14 14 Grace Snell Middle- Gwinnett County


16 ExpectationsI am RespectfulI am ResponsibleI care about Others Classroom  I use kind language and quiet voice tone  I wear my school uniform  I follow classroom procedures  I follow directions given by adults  I complete assignments  I use materials properly  I work cooperatively with others  I help my peers Hallway  I am quiet in the hall  I keep hands and feet to myself  I admire hallway displays  I stay in my assigned area  I walk on the right side of hall  I keep hallways neat and clean Restroom  I keep the restroom clean  I keep my hands to myself  I use toilets/urinals correctly  I flush  I adjust my uniform to dress code  I give others privacy  I wash and dry my hands after use Lunchroom  I stand quietly in line  I speak in a soft voice when seated  I use good manners  I clean up my area  I bring all items and money needed for lunch  I keep my hands and feet to myself Recess/ Outside  I use encouraging and kind words  I accept feedback without arguing or complaining  I follow directions given by adults  I share and use equipment appropriately  I stay in my designated area  I take turns and cooperate  I play fairly  I include others  I use my hands and feet appropriately GNETS OF OCONEE

17 17 ACKNOWLEDGING APPROPRIATE BEHAVIOR Tied to specific behaviors Delivered soon after the behavior Age appropriate (actually valued by student) Delivered frequently Gradually faded away

18 Effective Discipline Procedures Consistent definitions of specific behaviors Classroom-managed vs. office-managed Alternatives to exclusion Effective consequences and interventions (considering function) Develop a process to build consistent responses

19 HOW DOES A PBIS SCHOOL ENGAGE FAMILIES? Provide PBIS information Open house, registration, brochures, web-sites, PBIS newsletter, new parent orientation Share PBIS principles and strategies Develop PBIS videos for parents, PTA meetings, parent conferences Provide parent education Extending PBIS expectations into the home Decision Making Invite parents to join PBIS Team, Local School Council, PTA 19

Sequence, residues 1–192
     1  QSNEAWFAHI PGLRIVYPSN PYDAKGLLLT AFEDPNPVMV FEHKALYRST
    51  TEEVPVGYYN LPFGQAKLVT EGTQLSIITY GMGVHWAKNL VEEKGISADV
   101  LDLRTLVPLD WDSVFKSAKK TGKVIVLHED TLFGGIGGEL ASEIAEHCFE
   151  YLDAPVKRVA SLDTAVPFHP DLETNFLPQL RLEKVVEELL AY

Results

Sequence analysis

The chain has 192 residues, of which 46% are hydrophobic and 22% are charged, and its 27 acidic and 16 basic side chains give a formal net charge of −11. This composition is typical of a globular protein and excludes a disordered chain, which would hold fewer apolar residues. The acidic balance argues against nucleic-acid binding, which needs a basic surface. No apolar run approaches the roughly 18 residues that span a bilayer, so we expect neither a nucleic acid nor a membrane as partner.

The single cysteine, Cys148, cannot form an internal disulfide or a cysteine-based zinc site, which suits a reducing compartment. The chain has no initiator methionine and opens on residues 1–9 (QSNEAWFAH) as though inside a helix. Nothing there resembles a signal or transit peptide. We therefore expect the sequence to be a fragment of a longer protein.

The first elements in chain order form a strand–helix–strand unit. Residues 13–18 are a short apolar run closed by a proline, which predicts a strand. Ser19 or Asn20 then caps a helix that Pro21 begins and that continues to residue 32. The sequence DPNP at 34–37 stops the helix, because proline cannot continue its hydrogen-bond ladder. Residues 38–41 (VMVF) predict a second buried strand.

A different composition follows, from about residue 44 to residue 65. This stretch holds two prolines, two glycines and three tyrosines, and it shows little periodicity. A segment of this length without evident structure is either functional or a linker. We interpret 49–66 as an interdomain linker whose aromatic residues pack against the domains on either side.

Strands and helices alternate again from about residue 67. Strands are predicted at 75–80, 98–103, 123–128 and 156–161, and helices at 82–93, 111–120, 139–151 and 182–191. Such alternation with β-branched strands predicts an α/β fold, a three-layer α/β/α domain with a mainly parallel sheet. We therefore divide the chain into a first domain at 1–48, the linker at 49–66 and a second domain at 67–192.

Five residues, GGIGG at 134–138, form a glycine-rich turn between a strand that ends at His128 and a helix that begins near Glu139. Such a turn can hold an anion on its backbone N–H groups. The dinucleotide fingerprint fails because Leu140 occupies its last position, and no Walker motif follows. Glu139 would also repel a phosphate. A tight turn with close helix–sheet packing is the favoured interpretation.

20 WHAT SHOULD FAMILIES EXPECT FROM SCHOOL-WIDE PBIS? Opportunities to provide feedback and input on School-wide PBIS practices (e.g., expectations, reward system, discipline procedures) Information and updates on School-wide behavior data Clearly stated and defined expectations and rules that are taught to all students Administration (Principal, AP) participation in PBIS implementation and encouragement for family and community member participation

21 HOW CAN FAMILIES ENGAGE IN SCHOOL-WIDE PBIS…. Know the school’s School-wide expectations. Reinforce the School-wide expectations at home. Demonstrate the School-wide expectations when attending the school or interacting with others from the school.



24 RESOURCES AND REFERENCES Sugai, G., Horner, R. H., Dunlap, G. Hieneman, M., Lewis, T. J., Nelson, C. M., Scott, T., Liaupsin, C., Sailor, W., Turnbull, A. P., Turnbull, H. R., III, Wickham, D. Reuf, M., & Wilcox, B. (2000). Applying positive behavioral support and functional behavioral assessment in schools. Journal of Positive Behavioral Interventions, 2, 131-143. Sugai, G and Simonsen, B. (2012). Positive Behavior Interventions and Supports: History, Defining Features, and Misconceptions, 24